In a rush? Here's the quick run-down.
Listening to children is fundamental to our teaching and practice in the Early Years.
But listening to children isn’t just about hearing what they say.
In the Early Years, ‘listening’ means paying attention to children. It means showing respect for their choices. It means observing children’s play and behaviour, and analysing what we’re seeing to try to understand what children are telling us.
To find out more about how we can truly listen to children, I called up Sonia Mainstone- Cotton, a freelance nurture consultant working with 3 and 4-year-olds with social, emotional, and mental health needs. Sonia has worked in the Early Years for 30 years, is a trainer and author, and is the series consultant on the Little Minds Matter books.
Sonia explains how we can support children to feel listened to, by doing more than using just our ears. And why it matters so much that we do.
When it comes to children in the Early Years, we can’t always rely on being told what’s going on. Children may not have learned to speak yet, or don’t have the emotional literacy, or vocabulary to tell us what’s happening.
Sonia explains that although we are listening to the words children use (if they can), it’s also very much about observation, and noticing what’s going on. Listening is not just hearing, but reading bodies and body language, and understanding the emotions being conveyed.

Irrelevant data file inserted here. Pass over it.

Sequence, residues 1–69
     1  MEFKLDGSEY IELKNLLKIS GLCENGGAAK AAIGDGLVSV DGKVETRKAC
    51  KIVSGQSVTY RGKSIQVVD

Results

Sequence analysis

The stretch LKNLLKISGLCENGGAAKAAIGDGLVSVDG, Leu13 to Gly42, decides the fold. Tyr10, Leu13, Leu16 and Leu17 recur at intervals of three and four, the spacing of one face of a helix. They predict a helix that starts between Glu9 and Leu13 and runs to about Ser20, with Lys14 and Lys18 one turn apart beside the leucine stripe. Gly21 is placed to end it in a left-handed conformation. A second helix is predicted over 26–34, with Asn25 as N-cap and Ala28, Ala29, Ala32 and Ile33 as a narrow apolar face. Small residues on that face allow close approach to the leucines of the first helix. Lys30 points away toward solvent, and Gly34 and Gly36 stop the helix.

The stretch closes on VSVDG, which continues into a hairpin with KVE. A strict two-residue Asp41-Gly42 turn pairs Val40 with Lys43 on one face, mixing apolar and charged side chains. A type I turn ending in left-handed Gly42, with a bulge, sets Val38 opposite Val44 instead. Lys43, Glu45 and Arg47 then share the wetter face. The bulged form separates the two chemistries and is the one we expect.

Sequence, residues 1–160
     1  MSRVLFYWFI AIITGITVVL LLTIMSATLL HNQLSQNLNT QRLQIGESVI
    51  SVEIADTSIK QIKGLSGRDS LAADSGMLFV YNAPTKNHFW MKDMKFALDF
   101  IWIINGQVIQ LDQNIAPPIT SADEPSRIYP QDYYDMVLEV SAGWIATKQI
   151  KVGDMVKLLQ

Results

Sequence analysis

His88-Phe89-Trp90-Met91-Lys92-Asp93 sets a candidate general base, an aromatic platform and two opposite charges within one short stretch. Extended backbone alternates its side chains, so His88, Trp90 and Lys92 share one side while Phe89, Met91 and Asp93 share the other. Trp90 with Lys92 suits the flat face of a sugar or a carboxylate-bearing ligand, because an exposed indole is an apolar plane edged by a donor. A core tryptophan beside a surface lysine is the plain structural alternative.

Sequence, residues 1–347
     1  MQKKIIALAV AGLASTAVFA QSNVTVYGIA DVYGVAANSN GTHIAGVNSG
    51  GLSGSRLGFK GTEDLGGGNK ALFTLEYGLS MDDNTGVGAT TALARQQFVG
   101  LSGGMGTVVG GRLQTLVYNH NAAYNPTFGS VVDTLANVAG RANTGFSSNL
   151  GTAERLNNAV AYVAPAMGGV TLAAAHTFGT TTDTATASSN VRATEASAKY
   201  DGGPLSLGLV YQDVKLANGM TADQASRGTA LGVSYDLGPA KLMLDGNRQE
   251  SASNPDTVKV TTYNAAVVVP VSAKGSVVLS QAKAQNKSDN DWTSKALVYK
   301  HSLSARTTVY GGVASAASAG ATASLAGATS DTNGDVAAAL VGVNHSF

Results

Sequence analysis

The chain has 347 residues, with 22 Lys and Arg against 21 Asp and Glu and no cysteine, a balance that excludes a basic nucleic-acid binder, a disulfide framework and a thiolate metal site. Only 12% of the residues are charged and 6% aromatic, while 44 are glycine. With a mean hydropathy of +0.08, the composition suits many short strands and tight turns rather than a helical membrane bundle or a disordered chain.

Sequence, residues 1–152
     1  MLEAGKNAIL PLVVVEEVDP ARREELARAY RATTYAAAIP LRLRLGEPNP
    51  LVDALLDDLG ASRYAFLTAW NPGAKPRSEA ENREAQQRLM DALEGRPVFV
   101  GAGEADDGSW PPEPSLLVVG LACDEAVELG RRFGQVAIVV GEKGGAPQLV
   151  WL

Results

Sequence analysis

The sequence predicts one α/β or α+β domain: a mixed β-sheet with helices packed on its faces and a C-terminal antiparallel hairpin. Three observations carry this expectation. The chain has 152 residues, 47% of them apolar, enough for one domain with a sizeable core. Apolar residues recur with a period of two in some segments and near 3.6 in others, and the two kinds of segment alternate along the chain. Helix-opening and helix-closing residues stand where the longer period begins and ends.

But listening is also about how we, as the adult, use words too. The right words and the right amount, especially for young children who are new to emotional vocabulary or children who are really dysregulated.
“I think often with Early years children we use too many words,” says Sonia, “We want a communication-rich environment, but when a child is really upset their ‘thinking brain’ isn't online as they’re in flight or fight mode. Cut your words.”
“We know when we’ve been listened to. We know how we feel when we’ve been really listened to,” says Sonia “I think it’s a universal feeling, even if we can’t nail it down, it’s a real sense we have.”
Ways to help children feel listened to while maintaining boundaries can include:
That might not mean you allow children to choose to do something or not, but encourage them to take ownership of how a task is performed, or the order.
For example, you’re encouraging a child to have a drink of water after some really physical play. You might say “Would you like to help yourself, or should I turn the tap for you?” or “Would you like it in this cup or that one?”
Sonia explains that where some children might struggle with control issues, being told to do something can be very triggering. A simple choice can allow children to feel in control.
Plus, being able to make decisions is a really important life skill. As educators, we can give children the chance to make decisions in a safe way, by involving them in age- and needs-appropriate decision-making. And this includes consent around their bodies.
“I think the NSPCC pants rule is really useful tool for children,” says Sonia, “It’s a great way to introduce content and it’s empowering to children. It’s letting them know it’s OK to say when something’s not OK. That the adults around them will listen and protect them.”